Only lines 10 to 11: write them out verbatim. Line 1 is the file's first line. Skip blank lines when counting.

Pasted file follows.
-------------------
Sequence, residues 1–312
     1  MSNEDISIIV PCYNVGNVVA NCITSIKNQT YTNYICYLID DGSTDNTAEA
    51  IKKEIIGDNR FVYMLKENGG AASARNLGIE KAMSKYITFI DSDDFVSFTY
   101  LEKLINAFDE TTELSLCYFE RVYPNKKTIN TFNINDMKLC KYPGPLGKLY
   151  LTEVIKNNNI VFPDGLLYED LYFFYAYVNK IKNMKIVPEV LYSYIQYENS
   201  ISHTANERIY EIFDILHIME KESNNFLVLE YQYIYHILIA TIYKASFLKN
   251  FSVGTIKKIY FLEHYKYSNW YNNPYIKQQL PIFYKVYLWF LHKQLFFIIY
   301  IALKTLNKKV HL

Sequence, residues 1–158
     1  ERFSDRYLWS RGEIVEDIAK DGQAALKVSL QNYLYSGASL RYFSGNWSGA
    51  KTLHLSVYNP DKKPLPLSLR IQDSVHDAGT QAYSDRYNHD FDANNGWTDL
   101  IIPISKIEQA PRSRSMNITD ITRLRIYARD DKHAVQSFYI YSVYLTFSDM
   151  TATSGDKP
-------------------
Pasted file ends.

     1  ERFSDRYLWS RGEIVEDIAK DGQAALKVSL QNYLYSGASL RYFSGNWSGA
    51  KTLHLSVYNP DKKPLPLSLR IQDSVHDAGT QAYSDRYNHD FDANNGWTDL